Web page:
The early years of loss was a magnificent time, in a way. There were years in healing; there is no description for a mother’s broken heart. But so dear and precious, so divinely inspired, as if God was right there with me. In the depth of my grief, I found Costa Rica. And suddenly, looking around at the garden, I was faced with remembrance, realizing life had moved on. An era had ended, the new one not yet defined. The feeling of peace still pervades, yet something has changed. Was I grieving the loss of those magical, albeit painful years, when an invisible thread connected me to Heaven?
I wonder where the new life leads. I have a precious daughter, the light of my world. There are cherished friends. Beyond that, it seems more to do with a mystical path. I dream of a golden life for the golden years.
This morning, before the sun peaked above the mountains, in the cool, fragrant air, I was having an animated discussion with my gardener, when I began listening to the pure music of his voice and native tongue. For a moment, I stood, utterly spellbound. Therein lies the path, I thought later.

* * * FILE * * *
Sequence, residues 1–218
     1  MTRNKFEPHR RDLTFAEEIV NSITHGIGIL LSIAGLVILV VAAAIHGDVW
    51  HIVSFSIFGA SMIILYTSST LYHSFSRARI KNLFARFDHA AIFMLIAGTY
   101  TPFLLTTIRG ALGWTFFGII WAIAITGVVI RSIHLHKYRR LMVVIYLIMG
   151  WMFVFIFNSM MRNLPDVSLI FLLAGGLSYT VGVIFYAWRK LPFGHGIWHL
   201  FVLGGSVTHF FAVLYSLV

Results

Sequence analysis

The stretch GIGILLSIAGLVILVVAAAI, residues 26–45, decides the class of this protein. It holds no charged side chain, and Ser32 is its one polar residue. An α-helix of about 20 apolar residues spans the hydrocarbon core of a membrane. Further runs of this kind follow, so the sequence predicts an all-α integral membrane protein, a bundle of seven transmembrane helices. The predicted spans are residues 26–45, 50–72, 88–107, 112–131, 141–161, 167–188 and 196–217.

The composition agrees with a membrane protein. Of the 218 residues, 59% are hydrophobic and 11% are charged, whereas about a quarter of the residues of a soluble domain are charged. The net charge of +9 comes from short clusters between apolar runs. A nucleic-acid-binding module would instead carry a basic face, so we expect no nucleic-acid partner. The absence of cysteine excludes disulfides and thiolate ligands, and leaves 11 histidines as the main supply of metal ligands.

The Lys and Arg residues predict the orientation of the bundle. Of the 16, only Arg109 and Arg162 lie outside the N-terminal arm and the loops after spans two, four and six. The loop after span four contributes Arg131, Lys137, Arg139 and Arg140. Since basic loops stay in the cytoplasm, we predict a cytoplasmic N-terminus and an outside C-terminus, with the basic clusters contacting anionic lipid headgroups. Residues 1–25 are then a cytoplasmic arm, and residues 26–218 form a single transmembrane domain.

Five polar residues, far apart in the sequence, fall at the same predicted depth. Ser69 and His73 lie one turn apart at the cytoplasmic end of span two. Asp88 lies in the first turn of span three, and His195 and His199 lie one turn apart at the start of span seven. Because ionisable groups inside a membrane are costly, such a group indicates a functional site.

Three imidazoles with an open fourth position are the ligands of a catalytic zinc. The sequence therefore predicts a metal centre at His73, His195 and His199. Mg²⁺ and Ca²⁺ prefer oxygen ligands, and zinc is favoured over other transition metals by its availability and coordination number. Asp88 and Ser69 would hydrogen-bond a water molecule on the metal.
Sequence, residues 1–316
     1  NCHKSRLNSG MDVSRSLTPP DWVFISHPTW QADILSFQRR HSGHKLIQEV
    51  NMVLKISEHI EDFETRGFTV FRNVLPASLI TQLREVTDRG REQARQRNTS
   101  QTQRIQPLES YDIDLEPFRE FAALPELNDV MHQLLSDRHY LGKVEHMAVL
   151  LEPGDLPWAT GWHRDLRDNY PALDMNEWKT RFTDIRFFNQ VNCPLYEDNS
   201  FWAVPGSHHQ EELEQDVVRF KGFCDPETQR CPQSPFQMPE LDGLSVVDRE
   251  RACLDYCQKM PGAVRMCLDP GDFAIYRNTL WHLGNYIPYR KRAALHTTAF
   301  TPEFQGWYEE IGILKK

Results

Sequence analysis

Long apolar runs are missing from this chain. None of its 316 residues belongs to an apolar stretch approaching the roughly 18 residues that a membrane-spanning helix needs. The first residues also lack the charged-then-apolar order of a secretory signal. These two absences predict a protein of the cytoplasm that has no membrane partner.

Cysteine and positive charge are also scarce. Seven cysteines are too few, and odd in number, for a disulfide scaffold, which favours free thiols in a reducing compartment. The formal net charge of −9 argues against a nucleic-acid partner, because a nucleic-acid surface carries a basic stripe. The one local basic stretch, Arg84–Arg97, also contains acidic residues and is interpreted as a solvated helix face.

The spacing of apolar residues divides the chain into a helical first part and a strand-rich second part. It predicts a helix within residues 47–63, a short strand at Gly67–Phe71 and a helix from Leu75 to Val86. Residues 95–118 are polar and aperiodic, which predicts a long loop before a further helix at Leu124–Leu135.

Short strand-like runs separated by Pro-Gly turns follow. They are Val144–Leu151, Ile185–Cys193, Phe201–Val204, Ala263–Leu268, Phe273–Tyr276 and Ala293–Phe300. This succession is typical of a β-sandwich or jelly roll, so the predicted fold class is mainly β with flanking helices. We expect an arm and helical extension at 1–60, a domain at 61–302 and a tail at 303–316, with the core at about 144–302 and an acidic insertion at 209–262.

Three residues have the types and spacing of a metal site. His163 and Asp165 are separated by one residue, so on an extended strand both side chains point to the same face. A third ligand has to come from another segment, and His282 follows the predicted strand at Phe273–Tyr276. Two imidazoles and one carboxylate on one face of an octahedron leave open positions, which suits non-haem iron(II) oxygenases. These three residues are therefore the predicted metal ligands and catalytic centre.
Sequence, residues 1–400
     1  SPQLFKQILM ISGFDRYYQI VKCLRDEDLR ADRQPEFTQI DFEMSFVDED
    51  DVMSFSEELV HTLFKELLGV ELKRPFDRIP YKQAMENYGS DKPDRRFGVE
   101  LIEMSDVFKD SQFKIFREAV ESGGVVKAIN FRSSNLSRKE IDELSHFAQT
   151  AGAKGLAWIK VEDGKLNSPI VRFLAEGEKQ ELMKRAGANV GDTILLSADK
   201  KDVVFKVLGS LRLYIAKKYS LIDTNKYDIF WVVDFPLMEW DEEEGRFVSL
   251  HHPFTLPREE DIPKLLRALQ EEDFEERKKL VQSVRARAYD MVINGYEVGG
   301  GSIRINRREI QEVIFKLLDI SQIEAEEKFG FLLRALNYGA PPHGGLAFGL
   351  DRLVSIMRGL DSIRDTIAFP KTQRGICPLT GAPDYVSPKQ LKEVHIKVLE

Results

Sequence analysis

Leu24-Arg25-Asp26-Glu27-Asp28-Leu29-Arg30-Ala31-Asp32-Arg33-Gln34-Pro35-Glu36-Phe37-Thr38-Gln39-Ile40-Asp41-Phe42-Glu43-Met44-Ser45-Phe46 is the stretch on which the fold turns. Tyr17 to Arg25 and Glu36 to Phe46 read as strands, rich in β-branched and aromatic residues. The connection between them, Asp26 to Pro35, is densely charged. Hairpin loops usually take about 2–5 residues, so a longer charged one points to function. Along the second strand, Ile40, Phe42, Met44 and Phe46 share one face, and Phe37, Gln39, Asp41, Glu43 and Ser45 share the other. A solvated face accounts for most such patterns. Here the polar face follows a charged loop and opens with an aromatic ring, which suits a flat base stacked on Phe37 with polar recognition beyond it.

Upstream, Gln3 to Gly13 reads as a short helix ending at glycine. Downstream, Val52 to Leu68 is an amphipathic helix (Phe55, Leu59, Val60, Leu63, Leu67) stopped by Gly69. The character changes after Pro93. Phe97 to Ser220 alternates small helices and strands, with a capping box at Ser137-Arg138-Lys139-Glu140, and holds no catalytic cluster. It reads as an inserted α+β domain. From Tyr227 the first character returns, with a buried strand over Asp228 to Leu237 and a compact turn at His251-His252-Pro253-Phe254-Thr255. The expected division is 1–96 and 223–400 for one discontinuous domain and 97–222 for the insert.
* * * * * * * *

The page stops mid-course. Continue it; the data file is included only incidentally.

Often I hear my son speaking to me, in the way he spoke in life, simple observations accompanied by that little chuckle. Mom, it’s easier than you think. It’s just little things that make up a good life. You don’t have to figure things out or even have a plan. You just have to be present for the unfolding.
Freedom to Fall is a book about the life of my son as a rock climber intertwined with my life as a bereaved mom. To read more about it or to order a copy, click on the appropriate link above.